Topic 3 Adjusting teaching strategies and activities for classroom and on individual level accordingly to digital and non-digital feedback

Teaching strategies and assessment

Educators strategies are properly assessed and adjusted during the process of teaching if the adult educator is considering continuously:

  • Self assessment (reflection on his/her work)
  • Analyzing of learners
  • (Re)Examining the learning objectives
  • (Re)Examining the teaching and learning methods applied.

The reasons for introduction of changes in the teaching process may be of different kind and stemming from different rationale (pre knowledge of learners is weak, examples or models used were unclear, etc.).

The form and content of adjustment of teaching strategies depends mostly on:

  • the diversity of curricular aims,
  • the composition of student groups,
  • educators’ personal pedagogical styles,
  • carload of contextual differences

and hence no one size fits all approach in adjustment can be used or replicated. Common steps in adjustment process may be divided into 4 steps: emerging, evolving embedding, excelling regardless of the means and type of feedback received.

Most commonly differentiating instruction strategies encompasses adult educators response to adult learner differences by adapting curriculum and instruction on six dimensions:

Teacher-Dependent

  • Content (the what of the lesson)
  • Process (the how of the lesson)
  • Product (the learner-produced results)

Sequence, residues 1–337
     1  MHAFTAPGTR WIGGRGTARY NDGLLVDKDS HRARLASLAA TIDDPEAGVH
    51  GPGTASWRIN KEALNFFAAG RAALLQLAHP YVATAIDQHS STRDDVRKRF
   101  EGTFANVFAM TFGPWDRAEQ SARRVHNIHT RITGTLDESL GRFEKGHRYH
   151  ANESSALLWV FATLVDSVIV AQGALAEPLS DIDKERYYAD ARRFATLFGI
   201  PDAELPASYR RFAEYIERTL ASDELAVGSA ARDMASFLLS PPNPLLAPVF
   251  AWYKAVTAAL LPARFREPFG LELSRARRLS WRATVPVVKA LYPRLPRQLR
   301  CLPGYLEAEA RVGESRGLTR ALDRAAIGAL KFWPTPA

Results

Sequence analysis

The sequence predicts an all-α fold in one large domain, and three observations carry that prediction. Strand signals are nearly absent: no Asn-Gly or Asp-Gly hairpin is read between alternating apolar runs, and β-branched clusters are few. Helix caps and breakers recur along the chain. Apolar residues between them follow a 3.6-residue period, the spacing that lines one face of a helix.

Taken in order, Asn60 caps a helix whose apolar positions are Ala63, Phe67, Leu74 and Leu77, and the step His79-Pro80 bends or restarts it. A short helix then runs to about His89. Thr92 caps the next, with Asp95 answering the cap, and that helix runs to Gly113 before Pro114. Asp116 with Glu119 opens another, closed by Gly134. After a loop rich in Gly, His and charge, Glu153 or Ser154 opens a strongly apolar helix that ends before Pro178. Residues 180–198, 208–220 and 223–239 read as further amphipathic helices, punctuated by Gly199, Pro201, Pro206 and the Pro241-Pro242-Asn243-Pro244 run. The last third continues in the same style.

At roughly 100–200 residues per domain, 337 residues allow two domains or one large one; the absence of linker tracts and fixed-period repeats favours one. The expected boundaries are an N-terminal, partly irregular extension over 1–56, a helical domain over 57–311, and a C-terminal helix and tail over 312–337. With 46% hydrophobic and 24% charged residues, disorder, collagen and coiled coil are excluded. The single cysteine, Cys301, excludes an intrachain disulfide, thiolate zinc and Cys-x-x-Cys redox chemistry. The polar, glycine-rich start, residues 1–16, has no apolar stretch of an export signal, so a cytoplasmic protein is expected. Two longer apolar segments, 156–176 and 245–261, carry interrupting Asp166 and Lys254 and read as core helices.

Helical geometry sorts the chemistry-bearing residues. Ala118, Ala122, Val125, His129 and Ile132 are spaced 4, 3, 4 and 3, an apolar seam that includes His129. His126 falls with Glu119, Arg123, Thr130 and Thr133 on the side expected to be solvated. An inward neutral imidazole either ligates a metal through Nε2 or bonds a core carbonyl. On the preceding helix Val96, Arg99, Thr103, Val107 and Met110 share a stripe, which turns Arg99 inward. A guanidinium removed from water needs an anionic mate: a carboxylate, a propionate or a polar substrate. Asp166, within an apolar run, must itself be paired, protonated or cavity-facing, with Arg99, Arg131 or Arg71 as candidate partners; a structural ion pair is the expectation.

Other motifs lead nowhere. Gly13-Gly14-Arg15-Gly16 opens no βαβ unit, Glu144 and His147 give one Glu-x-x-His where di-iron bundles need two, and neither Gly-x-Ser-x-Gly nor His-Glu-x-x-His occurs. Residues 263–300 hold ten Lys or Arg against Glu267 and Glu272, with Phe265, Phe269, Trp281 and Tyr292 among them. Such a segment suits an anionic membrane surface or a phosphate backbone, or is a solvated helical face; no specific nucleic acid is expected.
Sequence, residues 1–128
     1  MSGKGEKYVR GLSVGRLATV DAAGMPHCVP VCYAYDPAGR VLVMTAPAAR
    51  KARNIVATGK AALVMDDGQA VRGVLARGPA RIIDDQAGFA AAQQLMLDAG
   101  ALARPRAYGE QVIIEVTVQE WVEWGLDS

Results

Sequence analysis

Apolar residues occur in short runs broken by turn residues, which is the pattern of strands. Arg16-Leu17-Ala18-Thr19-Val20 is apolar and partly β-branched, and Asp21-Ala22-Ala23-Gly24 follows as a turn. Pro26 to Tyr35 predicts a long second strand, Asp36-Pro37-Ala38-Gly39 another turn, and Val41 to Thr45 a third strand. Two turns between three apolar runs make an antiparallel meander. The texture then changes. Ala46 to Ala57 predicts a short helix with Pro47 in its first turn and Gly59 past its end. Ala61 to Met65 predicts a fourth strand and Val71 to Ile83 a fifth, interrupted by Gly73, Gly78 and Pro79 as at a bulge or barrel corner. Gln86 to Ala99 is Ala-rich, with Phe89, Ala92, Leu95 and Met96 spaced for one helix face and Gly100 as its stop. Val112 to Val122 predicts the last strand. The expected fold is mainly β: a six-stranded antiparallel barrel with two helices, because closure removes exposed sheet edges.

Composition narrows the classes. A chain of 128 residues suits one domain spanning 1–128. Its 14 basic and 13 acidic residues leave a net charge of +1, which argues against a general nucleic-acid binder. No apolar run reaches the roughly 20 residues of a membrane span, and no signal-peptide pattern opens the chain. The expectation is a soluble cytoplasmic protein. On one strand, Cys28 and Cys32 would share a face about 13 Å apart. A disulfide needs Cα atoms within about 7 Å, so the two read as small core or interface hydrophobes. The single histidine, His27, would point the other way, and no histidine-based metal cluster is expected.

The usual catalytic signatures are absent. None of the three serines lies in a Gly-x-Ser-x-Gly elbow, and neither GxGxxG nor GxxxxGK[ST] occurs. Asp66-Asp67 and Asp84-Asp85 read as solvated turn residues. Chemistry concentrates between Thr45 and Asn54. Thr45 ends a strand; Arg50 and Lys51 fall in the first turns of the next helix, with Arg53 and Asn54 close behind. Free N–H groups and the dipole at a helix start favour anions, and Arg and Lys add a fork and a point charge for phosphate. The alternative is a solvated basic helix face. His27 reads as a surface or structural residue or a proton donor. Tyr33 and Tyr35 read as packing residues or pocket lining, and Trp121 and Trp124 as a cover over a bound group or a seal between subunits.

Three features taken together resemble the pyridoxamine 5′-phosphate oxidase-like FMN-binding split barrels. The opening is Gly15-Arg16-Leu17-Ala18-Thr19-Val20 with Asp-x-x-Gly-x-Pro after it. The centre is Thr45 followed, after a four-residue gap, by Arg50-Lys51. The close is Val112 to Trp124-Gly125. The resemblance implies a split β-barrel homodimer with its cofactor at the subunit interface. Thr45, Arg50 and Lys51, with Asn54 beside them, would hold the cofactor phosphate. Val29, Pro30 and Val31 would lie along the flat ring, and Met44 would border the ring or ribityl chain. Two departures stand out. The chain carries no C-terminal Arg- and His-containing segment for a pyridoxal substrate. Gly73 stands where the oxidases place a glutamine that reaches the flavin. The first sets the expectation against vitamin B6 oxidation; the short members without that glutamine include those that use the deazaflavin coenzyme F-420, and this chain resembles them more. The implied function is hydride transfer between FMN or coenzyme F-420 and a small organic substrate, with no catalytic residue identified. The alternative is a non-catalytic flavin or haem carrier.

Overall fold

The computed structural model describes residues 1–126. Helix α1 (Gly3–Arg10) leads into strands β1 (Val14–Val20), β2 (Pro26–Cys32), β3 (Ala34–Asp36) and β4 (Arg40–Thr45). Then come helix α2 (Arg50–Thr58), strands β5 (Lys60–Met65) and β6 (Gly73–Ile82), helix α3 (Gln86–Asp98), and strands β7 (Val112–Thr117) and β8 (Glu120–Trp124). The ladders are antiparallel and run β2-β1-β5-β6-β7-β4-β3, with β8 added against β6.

Learner-Dependent

  • Interest
  • Profile (strengths, weaknesses, gaps)
  • Readiness

Teacher-Dependent aspects

Ideas to consider for adapting the content, or the what:

  • Changing the complexity of the lesson

      Vary the complexity along the lines of concrete, symbolic, or abstract  explorations.

  • The resources you provide for the lesson

      Vary the resources, involving narrative, informational, multimedia, experts, and  guests.

  • The context of the lesson

      Vary the context from classrooms, programs, communities, and virtual environments.

Ideas to consider for adapting the process, or the how:

  • Changing how you deliver direct instruction

Work variously with the whole group, small groups, and individuals.

Reconsider how material is framed; try breaking up a lesson or unit in new ways to chunk and compress material.

  • Changing how you structure cooperative activities

Arrange flexible, changeable groupings and peer activities.

Provide roles and clear expectations for group members.

  • Changing the way you structure inquiry

Use problem-based learning, service learning, and performance-based experiences.

Learner-Dependent aspects

What are your students’ interests? Take time to find out through methods such as the following:

  • Journals and responses to prompts. For example:

If you had your GED or college degree tomorrow, what would you want to be doing?

What is one job you would want to have and why?

  • Informal conversations and ice breakers